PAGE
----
Not for sue why BSF did not have us read Mark’s version either of these events especially in light of question 12c where Mark’s reasoning is different than John’s. I would recommend reading it (Mark 15:1-20).
I can imagine this is only a tiny bit of what happened on that day that is recorded. I’d love to have more details, wouldn’t you?
We killed Jesus. With our sins. I think if we truly absorbed that fact into our souls we’d all be better people.
To this day, our sins sadden God. He wants so much for us. So much He’d kill his only Son. We should all meditate on that fact, absorb its meaning, and be more like Jesus. For God’s sake if not for our own.
End Notes: Let’s remember how Pilate first sees Jesus: beaten and bloodied (Matthew 26:67)–nothing like a king that the Jews are accusing him of being. Pilate probably thought the Sanhedrin was wasting his time and had hoped to be done with this quickly.
Instead the governor was amazed that Jesus would stood in defied silence. Whereas most people facing death would defend themselves and do anything to save their lives, Jesus stood. God was Jesus’ defense.
I can only imagine the presence Jesus had. I’m sure when he walked into a room, all eyes would land upon him. There had to be something about him, something majestic and holy, that would draw you to him. Would have been a sight to see!
Telling the power of the Sanhedrin when they convince the people to release Barabbas who is a revolutionist murderer who tried to overthrow Rome (Mark 15:7). That was the power of the religious rulers of that day (and the power of false prophets then and now). Why we should all be thankful that we live in a democracy (those of us that do). So that innocent people aren’t executed without cause.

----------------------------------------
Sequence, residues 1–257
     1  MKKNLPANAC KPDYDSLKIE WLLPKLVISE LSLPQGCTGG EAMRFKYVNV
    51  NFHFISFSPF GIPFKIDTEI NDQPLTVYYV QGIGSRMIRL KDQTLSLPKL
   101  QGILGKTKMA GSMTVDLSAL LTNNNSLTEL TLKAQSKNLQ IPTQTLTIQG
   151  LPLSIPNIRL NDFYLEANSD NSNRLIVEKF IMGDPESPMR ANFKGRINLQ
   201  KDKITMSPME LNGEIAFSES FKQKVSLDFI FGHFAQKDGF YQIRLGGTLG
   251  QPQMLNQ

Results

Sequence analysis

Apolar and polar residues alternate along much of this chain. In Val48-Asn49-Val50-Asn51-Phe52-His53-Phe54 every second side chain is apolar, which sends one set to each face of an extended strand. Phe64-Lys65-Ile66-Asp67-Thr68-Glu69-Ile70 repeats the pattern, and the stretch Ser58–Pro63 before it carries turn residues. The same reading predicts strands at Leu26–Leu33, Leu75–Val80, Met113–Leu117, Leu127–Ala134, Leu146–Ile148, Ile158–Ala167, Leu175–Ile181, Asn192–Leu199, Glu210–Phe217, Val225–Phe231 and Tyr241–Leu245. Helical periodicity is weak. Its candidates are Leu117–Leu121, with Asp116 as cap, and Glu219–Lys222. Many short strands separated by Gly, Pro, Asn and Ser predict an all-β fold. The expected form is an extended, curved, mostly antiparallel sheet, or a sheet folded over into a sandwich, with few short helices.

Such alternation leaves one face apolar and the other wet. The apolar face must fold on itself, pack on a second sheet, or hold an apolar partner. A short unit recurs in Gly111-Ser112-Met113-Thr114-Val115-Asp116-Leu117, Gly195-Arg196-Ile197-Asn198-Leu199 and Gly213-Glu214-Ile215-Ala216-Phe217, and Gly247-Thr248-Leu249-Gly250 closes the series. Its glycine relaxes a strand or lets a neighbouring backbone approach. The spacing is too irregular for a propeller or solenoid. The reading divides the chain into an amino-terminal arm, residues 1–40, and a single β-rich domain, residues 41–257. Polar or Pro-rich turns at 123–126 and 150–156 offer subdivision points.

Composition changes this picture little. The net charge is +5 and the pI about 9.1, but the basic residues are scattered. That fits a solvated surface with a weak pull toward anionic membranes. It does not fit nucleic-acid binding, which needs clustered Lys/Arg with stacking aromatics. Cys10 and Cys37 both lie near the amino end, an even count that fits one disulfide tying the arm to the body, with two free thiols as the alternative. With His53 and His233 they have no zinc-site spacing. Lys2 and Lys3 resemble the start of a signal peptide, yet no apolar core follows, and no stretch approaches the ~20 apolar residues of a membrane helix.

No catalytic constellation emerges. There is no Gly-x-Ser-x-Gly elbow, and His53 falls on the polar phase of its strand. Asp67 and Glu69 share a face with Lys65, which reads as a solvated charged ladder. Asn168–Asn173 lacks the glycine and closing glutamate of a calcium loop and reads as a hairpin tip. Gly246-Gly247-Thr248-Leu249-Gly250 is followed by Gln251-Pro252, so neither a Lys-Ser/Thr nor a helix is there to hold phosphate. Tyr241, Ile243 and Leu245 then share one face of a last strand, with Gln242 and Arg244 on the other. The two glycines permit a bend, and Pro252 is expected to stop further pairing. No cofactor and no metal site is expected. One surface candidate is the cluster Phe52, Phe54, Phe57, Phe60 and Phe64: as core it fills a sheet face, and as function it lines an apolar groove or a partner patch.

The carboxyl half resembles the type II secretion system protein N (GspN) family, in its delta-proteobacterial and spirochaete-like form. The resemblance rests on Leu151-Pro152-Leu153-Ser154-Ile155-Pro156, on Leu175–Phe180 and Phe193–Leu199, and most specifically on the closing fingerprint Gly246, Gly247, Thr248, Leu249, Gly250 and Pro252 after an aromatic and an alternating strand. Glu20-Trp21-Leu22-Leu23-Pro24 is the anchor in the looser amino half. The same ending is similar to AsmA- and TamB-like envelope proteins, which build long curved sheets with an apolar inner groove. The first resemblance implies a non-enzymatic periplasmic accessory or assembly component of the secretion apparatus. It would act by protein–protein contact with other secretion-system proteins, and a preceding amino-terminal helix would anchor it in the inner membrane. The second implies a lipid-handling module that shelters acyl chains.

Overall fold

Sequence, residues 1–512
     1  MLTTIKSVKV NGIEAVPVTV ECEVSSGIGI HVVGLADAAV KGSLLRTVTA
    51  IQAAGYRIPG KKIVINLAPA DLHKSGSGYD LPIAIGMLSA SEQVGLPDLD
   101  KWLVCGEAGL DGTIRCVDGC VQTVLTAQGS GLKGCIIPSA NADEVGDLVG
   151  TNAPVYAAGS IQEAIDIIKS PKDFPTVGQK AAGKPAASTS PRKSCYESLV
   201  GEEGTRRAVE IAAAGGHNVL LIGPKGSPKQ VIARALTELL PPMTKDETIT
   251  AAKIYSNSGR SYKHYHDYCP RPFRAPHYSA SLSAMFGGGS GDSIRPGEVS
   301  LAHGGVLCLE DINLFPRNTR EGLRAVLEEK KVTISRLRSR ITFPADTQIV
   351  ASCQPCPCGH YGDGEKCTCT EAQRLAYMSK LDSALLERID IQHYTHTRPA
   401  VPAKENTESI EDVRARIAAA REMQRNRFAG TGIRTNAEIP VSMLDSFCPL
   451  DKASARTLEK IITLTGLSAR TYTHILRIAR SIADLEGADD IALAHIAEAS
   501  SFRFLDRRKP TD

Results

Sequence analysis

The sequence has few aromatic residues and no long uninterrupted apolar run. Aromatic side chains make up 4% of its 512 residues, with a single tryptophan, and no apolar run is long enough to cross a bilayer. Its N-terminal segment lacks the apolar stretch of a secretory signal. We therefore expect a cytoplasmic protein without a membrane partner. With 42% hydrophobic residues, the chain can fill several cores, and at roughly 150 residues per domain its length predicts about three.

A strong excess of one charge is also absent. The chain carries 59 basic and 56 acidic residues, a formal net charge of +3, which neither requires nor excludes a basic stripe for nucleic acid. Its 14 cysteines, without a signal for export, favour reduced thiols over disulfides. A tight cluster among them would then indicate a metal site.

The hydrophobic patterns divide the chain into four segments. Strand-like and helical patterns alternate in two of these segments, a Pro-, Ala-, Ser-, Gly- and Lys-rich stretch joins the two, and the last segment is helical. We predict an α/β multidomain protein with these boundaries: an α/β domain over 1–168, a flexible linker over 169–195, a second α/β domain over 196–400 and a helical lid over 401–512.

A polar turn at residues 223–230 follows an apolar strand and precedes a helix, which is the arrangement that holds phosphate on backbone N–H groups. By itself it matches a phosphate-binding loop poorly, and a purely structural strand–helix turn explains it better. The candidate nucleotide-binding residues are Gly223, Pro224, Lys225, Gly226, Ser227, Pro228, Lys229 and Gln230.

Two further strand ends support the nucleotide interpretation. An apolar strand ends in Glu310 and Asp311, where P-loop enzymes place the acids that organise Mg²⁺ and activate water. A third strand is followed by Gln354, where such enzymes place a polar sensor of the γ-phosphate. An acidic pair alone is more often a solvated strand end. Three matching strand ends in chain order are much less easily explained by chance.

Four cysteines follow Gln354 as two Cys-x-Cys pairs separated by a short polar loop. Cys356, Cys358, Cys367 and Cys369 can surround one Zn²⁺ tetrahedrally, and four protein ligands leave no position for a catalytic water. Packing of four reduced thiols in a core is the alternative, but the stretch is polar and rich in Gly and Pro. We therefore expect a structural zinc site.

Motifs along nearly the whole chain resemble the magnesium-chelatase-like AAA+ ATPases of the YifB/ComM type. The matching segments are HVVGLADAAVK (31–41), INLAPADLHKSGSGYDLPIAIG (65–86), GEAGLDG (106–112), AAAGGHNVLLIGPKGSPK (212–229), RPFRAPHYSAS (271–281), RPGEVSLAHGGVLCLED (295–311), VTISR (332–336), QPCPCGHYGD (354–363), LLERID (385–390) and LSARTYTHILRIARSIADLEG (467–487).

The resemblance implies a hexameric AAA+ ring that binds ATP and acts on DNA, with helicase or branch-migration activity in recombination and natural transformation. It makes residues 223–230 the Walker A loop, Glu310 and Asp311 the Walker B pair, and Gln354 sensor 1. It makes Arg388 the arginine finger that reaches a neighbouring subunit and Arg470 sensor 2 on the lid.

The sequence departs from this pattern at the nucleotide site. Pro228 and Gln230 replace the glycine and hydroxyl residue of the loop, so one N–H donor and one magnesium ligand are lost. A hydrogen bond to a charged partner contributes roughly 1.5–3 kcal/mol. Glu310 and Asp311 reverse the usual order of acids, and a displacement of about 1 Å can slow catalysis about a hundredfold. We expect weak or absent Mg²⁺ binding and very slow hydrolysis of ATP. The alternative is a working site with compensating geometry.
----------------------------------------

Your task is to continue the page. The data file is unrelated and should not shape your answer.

Can you imagine Pilate’s wife’s dream? It must have been powerful for her to send a message to her husband. This was God’s mercy in play, trying to spare Pilate eternal hell. He rejected it as so many do.
The fact that the Jews themselves would chose crucifixion (a Roman invention the Jews absolutely hated) speaks to the evilness of man.
The name Barabbas means “the son of the father” in Hebrew (Good Bible references on Barabbas HERE. Note “abba” in his name.). The people were fooled and chose the wrong Son. Like so many do today. And they will when they embrace the anti-Christ in the future. Jesus took the cross for Barabbas. And us.
In the end, Pilate was a coward who denied Jesus justice. He kowtowed to the rabble and thus went down in infamy. He washed his hands but not his soul. He alone held the power to save Jesus as the representative of Rome and he turned away. How God’s heart must have broke at that moment.